Would Jesus Laugh At A Dirty Joke?

laughingAbout a week ago I had the rare privilege of meeting some friends I hadn’t seen for 43 years. We all grew up in the same area of what at the time was the greatest city in the world—our birthplace, Abadan.

Those of you who’ve read my book know that at our small community in Abadan Iran, we all attended the same school, swam at the same pool, went to the same clubs and attended the same movie theaters. Consequently, we knew each other very well.

The four of us, among whom one is a believer, spent the first hour of our meeting reminiscing about those glorious days in Abadan, but then everything changed when our fourth friend joined us.

By nature, most Iranians are joke tellers. And, as one of the guys who speaks 5 different languages said, “There’s no other language that tells jokes better than Farsi.” No sooner our fourth friend joined us, jokes began to fly. By the way, some of these were dirty, but FUNNY!

At this juncture of my story, long before I am able to finish the rest of it, the few Christians I’ve shared it with have all rolled their eyes and made comments that surmounted to, “How dare they?”

As I was sitting there laughing my head off —Did I tell you that the jokes were dirty? I began to wonder how, so often, we Christians are not worried about what Jesus might think about something we’re doing, but what other Christians might think about it. That’s why many of us could never live like Jesus out of the fear of APPEARANCE—not what something actually is, but what it might come across as. Personally, I gave up the above fear long time ago. It is more important for me to be like Jesus than what some people might think of me.

You see, I didn’t’ get together with my friends as a “Morality Police”. My intention that evening was to enjoy my reunion with some great friends I hadn’t seen for a long time. I wasn’t there to correct them, especially since I wasn’t bothered by their jokes. I wanted them to know that I loved and accepted them for just who they were and where they were in life.

As I sat in the outdoor café laughing, I asked the Lord for an opening, which didn’t come till the end of the evening. After almost three hours of non-stop laughter, when everyone was about to say goodnight and leave, I asked if I could have just a few more minutes of their time. I then shared my journey with Jesus, which was received with an open sincerity. By then, there was no doubt that they knew I wasn’t there to judge them for laughing at some funny jokes, albeit, dirty funny jokes and I had gained the right to speak the Truth into their lives.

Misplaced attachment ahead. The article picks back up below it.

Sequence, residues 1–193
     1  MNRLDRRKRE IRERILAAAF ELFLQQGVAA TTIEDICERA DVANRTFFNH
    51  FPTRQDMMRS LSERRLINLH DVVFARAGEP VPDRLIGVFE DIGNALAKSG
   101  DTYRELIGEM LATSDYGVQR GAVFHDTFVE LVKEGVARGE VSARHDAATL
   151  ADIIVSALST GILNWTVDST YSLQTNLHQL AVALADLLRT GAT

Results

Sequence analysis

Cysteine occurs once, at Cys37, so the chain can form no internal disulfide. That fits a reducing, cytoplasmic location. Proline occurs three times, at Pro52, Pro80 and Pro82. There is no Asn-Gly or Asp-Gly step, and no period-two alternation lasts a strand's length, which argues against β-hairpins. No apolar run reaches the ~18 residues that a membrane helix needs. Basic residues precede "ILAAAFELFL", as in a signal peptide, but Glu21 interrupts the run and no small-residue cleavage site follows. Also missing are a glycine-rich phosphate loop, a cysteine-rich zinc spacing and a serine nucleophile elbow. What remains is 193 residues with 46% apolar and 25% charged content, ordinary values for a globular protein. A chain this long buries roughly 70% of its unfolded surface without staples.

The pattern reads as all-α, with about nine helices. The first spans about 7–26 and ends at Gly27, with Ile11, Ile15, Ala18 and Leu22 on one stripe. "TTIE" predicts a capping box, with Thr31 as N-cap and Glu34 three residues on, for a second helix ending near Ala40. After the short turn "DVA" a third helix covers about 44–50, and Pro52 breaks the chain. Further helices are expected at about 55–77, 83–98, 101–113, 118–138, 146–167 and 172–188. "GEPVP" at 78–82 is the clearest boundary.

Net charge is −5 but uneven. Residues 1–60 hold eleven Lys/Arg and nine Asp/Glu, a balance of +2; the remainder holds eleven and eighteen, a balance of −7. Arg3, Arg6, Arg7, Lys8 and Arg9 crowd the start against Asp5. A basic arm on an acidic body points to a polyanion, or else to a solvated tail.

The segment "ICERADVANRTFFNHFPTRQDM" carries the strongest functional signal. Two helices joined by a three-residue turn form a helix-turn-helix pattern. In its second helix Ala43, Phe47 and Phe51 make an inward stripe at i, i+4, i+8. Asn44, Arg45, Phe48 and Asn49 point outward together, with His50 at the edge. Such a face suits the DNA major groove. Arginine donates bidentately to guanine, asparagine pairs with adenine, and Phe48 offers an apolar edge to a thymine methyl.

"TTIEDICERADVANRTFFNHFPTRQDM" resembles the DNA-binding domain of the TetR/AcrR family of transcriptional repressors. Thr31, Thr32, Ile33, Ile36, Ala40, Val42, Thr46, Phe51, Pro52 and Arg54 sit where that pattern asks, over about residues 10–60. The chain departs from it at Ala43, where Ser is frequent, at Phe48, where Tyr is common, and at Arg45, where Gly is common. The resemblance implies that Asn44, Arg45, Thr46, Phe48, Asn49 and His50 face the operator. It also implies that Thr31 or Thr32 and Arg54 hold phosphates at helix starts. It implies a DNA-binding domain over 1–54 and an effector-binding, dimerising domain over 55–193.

If we believe what the gospels tell us about Jesus, then we know He spent an awful amount of time hanging out with people who were considered to be the scum of the earth. I’m sure being around these homies; Jesus must have heard a few dirty jokes. But I don’t read anywhere that He rebuked anyone for not living up to HIS standards off the bat. And that’s exactly how I wanted to treat my homies.

The starting point for Jesus was where people were, and not where He wanted them to be. He never expected the homies of his time to start from where He was before He would befriend them at exactly where they were

What is YOUR starting point?

 

 

 

 

 

 

 

 

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9 thoughts on “Would Jesus Laugh At A Dirty Joke?

  1. I don’t think Jesus sinned. Joining in with dirty jokes is a sin. “Obscene stories, foolish talk, and coarse jokes–these are not for you. Instead, let there be thankfulness to God.”

    Jesus did not seem to have a problem being offensive. He seemingly rebuked the people who thought they were good enough on a regular, consistent basis. Pharisees, Romans, disciples, rich young rulers, Jews, Samaritans, close friends.

    I work with people that tell nasty jokes and stories and I usually try to not laugh or even respond. Blank stare or subject change or I walk away. Not because I don’t think what they are saying is funny or appealing or that I am morally superior. On the contrary it is usually funny and quite appealing to my fleshly desires. But by doing so I feel I am betraying my King, and I when I do, I usually think what a hypocrite I am. And how am I going to tell them about Jesus after I just wallowed in the filth? They would say, or at least think, “weren’t you just telling or at least participating in nasty jokes (sin) with seemingly no remorse or hesitation? And even if they didn’t, they would likely think that being a Christ follower must include not only participating in jokes and stories but also participating in the actions also. For by laughing, and therefore making light of sin, a person testifies that sin is not a big deal.

    But God hates sin. Jesus said, “If anyone causes one of these little ones–those who believe in me–to stumble, it would be better for them if a large millstone were hung around their neck and they were thrown into the sea.” By joking about sin it implies it is not a big deal and could therefore encourage a person to sin. Millstone. Jesus is serious about not causing one of His little ones to sin. Jesus is quite serious about sin. He said, “And if your right hand causes you to stumble, cut it off and throw it away. It is better for you to lose one part of your body than for your whole body to go into hell.” Think about how serious that is: cut it off and throw it away! He did not say, “And if your right hand causes you to stumble make joke about it.” Does Jesus seem to be laughing about sin? Are we not supposed to, as Christians, repent and fight tooth and nail against our own sin? Is it not a hallmark of a redeemed life to hate sin? “Let those who love the LORD hate evil…” How can I joke about something I hate? That would be like joking about racism. Nothing funny there.